During today’s 2010 RipCurl Search event there were a lot of adverts for ‘Power Balance’ products. This time legendary Hawaii surfer, Bruce Irons was endorsing the bracelets and so we thought that the incredible claims made by the company warranted some objective investigation.
Carl Sagan once pointed out that “extraordinary claims require extraordinary evidence”. For example if a friend tells you that there is an ice cube in the road, you would probably believe them but if they told you there was an iceberg in the road, you would want to see for yourself. So first we need to establish the claims made by Power Balance. Are they extraordinary and how good is the evidence to support them?
Their website says that the human body has an ‘energy field’ and that this energy field can be affected by a hologram. Not only that but the hologram affects the energy field in a way which increase a person’s balance, strength and flexibility. These are actually game changing claims which throw out the window the entire foundation of medical science. However, to be fair, this doesn’t mean that the claims are not true. It just means they need to produce better evidence than the body of evidence which already exists to the contrary (which, in this case, is massive).
Strangely then that there is no evidence at all on their website, apart from the anecdotal reports on their testimonial’s page. “What’s wrong with anecdotal evidence?” I hear you say. The quality of the evidence depends largely on the size of the study group. The bigger the group, the more useful the data. An anecdote is effectively just an uncontrolled, unblinded study group of… one. Not the kind of thing which rocks the scientific community. That’s why it’s irrelevant that Bruce Irons says it works for him.
So Power Balance products fall into the same category as physic reading, homeopathy and faith healing. There’s no plausible mechanism going on and no good quality data to support the claims being made. When the user has a positive experience, the product gets the credit. If the user does not, then they either believe that they need more of the product or that they would have been worse off without it. It’s a win/win for the guy running the scam. In one form or another, it’s a scam which has been around for thousands of years and has fooled a lot of people into doing some very silly things. It’s just as well we’ve got the good ol’ scientific method to help us navigate the nonsense.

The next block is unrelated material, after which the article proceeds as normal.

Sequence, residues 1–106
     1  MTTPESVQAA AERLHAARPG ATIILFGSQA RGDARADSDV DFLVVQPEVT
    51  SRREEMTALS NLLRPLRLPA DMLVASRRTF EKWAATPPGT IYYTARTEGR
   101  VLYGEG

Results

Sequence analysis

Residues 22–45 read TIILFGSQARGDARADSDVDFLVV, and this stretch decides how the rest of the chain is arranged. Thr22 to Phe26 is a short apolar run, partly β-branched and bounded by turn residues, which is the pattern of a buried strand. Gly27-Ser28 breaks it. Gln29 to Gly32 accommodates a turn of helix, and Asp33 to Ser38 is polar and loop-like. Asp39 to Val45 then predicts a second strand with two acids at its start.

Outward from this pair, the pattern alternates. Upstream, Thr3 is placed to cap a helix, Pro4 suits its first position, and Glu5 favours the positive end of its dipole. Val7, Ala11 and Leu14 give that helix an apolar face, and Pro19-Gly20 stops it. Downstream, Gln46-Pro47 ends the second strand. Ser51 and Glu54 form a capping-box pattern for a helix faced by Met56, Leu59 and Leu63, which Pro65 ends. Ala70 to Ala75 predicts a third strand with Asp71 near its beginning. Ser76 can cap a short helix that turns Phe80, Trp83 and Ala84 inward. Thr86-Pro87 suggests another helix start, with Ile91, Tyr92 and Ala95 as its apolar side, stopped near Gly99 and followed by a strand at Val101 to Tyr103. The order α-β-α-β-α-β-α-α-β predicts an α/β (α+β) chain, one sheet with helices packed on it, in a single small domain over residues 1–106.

Not convinced? Australia’s Today Tonight program got uncharacteristically scientific and performed a blinded test on the Power Balance bracelets and as soon as no one knew where the hologram was (surprise surprise) it stopped working.
The defense offered by Power Balance’s proponents is the classic logical fallacy of “Argument By Volume” (i.e. lots of people think it, therefore it must be true). An argument by volume makes no sense as many people in the world hold contradicting beliefs and so logically huge numbers of people can be (are often are) wrong about stuff. Since we’re getting into logical fallacies, another one worth noting is the “Argument From Authority” (i.e. Bruce Irons says it so it must be true).
Does it work then? In a word …no. There’s no magical shortcuts I’m afraid. You’d do far better to spend $30 on Taylor Knox’s surf exercises DVD than flush away $60 on a Power Balance bracelet. So it was a disillusioned Ru that sadly took down the Bruce Irons poster from the wall of the Surf Simply offices …still not to worry there are plenty more surfers in the sea.
While researching the Power Balance bracelet, we stumbled across this hilarious poem about pseudosciences by Australian comedian Tim Minchin and we thought you might like it too. Enjoy…